Bay of Ross by Moonlight

Asenath Nicholson
Chapter XIX (2) | Start of Chapter

The clouds had dispersed, and the young moon was looking from as pure a sky as was ever spread out over this misty isle of the sea. The Bay of Ross, with all its witchery, arose in view. A little mountain girl had met me from a foot-path that led among the rocks, and as we suddenly made a turn, which opened the bay unexpectedly, "and ye'll have as fine a bay, ma'am, in yer eye as in all the kingdom," fell on my ear. I stopped suddenly, and on either hand

"Bold and craggy rose each mountain form,

The girl, seeing my admiration, triumphantly added, "and did ye see the like in all your travels, ma'am? I must leave ye, lady, for my way lies up the mountain a bit, and ye'll not be lonely, for the moon looks bright, and the road is now aisy to the fut. Good night, and God speed ye on yer journey, and return ye safe to yer own country."

Through all this I had stood on the margin of that bay, looking up the heathy crags, then upon the placid sea, that was here and there reflecting the rays of the moon, then deep shaded by some cliff that looked down upon it, sheltering some fisherman's mud-wall hut at its foot. I uttered not a word, till the "good night" of the Kerry-girl awaked me from the reverie. Her light foot stole quickly away, and I was standing alone, for my carmen were jabbering far out of sight. Taking my cruel boots from my blistered feet, I hurried on till the voice of one of my fellow-travellers bawled out, "and sure ye aint a gazin' at these black mountains, it's the pratee and the night's sleep I am thinkin' on." Again I sat down upon a stone, put on my boots, and determined to make a "virtue of necessity," endeavored, as I followed the cart, to forget my pains by singing. This, to my wonder, drew upon the hill sides and path, groups of all ages, where I had scarcely noticed a cabin, giving me a moonlight view of mountaineers and fishermen, who followed me with good wishes, and comforted my spirits by telling me of the "short bit" that was "under my fut," and the "dacent people" I should find at the lodging. My Kerry guide had intentionally passed the stage-house, and stopping to rest his horse at the top of a hill, pointed around, saying, "at your left a short bit and ye'll see the lodgin'."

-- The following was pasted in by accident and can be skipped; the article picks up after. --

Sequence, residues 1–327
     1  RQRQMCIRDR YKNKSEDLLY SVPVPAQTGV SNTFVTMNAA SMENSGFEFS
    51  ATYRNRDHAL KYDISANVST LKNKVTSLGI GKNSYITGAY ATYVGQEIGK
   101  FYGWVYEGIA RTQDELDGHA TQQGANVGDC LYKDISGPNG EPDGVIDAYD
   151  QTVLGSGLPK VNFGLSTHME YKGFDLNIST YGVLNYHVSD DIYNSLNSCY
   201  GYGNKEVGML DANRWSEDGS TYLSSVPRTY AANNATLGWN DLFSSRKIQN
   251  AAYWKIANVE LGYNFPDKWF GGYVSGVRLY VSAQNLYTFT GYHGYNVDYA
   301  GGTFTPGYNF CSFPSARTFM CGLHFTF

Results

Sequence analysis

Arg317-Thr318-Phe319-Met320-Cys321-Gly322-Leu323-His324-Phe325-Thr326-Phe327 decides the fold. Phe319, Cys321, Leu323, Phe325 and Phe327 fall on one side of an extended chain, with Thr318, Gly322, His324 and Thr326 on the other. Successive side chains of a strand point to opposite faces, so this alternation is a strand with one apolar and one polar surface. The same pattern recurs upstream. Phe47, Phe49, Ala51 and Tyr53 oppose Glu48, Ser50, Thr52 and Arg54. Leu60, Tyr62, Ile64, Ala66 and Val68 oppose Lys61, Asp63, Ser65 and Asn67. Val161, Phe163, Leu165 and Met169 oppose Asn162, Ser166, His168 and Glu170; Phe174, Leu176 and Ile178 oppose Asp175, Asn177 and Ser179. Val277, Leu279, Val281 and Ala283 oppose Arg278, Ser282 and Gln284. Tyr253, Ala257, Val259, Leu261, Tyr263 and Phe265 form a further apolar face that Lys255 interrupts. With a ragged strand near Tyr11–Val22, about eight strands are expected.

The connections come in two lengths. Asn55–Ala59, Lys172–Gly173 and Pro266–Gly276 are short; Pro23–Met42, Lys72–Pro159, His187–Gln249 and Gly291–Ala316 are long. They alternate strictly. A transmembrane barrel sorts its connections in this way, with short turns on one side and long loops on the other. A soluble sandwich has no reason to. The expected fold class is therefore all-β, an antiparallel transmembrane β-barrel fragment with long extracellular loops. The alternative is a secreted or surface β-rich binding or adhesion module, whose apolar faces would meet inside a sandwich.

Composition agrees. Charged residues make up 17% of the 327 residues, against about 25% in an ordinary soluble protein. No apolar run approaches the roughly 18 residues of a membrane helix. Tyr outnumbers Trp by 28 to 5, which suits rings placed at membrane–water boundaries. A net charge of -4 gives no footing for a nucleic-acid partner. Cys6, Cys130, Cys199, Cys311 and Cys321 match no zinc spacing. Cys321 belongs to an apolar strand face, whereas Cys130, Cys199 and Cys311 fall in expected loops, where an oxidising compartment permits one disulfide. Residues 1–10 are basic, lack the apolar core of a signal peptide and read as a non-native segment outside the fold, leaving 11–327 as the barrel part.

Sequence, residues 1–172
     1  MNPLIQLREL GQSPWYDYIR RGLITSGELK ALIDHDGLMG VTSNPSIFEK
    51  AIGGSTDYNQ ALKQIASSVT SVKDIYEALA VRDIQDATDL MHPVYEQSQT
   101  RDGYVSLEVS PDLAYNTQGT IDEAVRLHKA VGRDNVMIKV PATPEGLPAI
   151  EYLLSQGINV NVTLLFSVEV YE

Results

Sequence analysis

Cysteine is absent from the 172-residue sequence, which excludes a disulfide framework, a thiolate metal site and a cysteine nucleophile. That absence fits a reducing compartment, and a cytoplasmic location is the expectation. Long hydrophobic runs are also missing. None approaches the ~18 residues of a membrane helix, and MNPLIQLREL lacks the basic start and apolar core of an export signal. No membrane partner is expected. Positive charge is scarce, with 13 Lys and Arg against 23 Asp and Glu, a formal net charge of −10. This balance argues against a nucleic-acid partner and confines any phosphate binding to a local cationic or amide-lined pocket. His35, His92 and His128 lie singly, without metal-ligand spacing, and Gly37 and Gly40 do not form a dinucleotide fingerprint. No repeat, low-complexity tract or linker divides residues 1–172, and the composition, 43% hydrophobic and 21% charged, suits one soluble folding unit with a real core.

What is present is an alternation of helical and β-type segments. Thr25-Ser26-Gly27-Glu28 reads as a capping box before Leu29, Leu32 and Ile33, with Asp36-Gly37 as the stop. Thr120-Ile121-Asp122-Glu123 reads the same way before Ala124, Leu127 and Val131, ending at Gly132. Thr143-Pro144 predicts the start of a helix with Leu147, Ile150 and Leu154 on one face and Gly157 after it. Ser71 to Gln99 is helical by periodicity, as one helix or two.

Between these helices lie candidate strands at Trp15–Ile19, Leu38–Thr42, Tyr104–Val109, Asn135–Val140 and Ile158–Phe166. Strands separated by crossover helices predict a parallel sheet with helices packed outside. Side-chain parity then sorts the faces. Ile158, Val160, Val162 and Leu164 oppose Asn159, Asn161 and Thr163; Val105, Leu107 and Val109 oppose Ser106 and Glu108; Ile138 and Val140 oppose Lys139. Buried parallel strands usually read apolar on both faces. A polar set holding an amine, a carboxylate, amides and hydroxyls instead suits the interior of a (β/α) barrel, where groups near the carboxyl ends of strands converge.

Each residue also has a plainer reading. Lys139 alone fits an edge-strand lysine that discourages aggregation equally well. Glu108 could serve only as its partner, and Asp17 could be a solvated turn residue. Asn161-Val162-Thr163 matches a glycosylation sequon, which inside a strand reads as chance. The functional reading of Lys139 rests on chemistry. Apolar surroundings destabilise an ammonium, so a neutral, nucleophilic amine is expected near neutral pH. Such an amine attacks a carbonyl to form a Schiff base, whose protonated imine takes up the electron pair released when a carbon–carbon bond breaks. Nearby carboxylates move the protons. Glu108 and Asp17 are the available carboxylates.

Ireland’s Welome to the Stranger is one of the best accounts of Irish social conditions, customs, quirks and habits that you could wish for. The author, Mrs Asenath Nicholson, was an American widow who travelled extensively in Ireland on the eve of the Great Famine and meticulously observed the Irish peasantry at work and play, as well as noting their living conditions and diet. The book is also available from Kindle.